Soldier Gets a Rare Double Arm Transplant
Brendan Marrocco was on patrol in Iraq 3 years ago when an explosion claimed all four of his limbs. He was the first Army soldier to survive a quadruple amputation. Now, he is the first soldier to receive a very rare double arm transplant at the Johns Hopkins Hospital. He is 26 years old.
• Logistics: The surgeons practiced four times on cadavers before the real thing. There were 4 teams of 3 surgeons each: one for each arm from donor and recipient. The deceased donor and living recipient do not need to match in gender, but in size, skin color, tissue and blood type.
• How They Did it: First, the skin is peeled back and bones are sawed at an angle to dovetail into each other when attached by metal plates- good carpentry, in essence. Next, the muscles and tendons are tagged with pieces of light blue sterile bandage that are sewn in place and labeled in permanent black marker, before being connected. The arteries and veins are painstakingly attached under a microscope, and finally the skin is sewn together.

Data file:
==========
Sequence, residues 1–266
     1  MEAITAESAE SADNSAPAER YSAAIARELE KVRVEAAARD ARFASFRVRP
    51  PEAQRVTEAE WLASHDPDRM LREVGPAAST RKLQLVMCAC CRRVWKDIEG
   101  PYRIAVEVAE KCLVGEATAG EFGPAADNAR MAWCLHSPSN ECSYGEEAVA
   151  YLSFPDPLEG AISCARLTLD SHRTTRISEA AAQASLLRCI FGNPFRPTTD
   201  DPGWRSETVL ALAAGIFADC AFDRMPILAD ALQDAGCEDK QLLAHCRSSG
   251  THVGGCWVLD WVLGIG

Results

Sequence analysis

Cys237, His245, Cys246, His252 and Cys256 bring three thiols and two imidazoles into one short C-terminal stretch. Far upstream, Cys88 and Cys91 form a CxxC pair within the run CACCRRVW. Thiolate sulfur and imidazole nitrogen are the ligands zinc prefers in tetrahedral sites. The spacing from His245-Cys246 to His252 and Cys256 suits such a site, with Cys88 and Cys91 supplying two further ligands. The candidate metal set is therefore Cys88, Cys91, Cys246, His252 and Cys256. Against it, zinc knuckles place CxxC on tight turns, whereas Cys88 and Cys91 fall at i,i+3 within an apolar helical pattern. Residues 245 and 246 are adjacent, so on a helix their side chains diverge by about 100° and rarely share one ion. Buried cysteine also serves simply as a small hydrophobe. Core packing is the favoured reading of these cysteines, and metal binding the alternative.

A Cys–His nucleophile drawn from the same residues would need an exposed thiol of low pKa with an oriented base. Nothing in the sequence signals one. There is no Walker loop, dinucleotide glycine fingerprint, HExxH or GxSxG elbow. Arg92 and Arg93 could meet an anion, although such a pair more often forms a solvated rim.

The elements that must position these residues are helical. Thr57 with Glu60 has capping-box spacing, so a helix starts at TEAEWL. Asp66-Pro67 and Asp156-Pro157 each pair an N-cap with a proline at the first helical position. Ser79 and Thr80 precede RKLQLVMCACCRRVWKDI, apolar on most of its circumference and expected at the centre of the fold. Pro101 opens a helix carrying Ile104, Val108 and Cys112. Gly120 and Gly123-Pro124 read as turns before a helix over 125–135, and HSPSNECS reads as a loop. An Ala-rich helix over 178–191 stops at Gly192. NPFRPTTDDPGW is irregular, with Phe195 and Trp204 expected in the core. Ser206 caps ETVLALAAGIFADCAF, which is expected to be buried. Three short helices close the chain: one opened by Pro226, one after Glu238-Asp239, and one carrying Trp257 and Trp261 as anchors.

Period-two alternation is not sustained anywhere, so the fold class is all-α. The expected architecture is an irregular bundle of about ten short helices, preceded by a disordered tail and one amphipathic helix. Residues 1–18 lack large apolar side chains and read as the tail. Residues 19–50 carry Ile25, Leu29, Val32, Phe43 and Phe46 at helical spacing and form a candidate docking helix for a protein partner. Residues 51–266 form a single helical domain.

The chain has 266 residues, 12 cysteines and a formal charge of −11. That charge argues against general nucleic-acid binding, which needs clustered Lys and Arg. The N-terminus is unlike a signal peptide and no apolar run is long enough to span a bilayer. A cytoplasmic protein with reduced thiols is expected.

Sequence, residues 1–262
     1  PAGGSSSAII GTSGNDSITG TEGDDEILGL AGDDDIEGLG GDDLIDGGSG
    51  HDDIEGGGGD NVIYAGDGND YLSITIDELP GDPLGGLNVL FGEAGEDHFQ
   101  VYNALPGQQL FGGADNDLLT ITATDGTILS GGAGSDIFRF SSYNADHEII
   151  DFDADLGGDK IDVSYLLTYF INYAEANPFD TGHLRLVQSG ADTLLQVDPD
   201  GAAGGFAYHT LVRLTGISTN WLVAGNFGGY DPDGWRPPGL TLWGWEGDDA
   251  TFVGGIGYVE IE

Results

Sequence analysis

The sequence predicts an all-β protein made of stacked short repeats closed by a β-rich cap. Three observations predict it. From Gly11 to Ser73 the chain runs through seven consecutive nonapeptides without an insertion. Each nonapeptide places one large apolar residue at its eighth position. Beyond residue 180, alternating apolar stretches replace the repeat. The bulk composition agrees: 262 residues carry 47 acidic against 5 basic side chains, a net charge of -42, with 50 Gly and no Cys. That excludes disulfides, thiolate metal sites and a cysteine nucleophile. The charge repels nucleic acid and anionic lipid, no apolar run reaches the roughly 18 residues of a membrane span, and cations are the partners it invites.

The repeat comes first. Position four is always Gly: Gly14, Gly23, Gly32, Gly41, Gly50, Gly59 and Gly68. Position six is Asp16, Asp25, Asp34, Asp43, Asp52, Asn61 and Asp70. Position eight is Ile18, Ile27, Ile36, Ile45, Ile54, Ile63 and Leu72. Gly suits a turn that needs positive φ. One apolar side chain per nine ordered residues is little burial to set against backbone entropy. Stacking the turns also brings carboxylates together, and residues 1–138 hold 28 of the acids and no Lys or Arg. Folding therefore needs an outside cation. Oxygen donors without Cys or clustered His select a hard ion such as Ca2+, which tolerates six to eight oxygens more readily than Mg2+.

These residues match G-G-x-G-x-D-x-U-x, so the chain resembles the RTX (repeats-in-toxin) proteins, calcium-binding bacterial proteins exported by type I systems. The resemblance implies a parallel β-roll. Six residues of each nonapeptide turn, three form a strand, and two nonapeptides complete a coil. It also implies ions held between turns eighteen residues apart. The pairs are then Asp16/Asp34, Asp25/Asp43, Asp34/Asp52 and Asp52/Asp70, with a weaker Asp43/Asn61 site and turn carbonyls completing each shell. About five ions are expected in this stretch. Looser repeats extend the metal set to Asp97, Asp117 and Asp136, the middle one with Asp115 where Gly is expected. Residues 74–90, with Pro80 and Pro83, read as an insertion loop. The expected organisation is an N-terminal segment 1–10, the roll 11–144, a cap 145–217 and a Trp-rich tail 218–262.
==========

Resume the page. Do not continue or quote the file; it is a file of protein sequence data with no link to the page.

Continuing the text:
• What was New: Brendan was given an infusion of bone marrow from vertebrae in the donor’s lower spine. This lowered the chance of rejection and cut back on the use of potentially dangerous drugs.
• Two Thumbs Up: Brendan’s nerves will grow into his new arms at a rate of an inch a month. In the one month since his landmark surgery, he can already move one arm around. Eventually, patients are expected to be able to “tie shoes, use chopsticks and put their hair in ponytails”. Brendan might consider growing his hair longer for that 🙂
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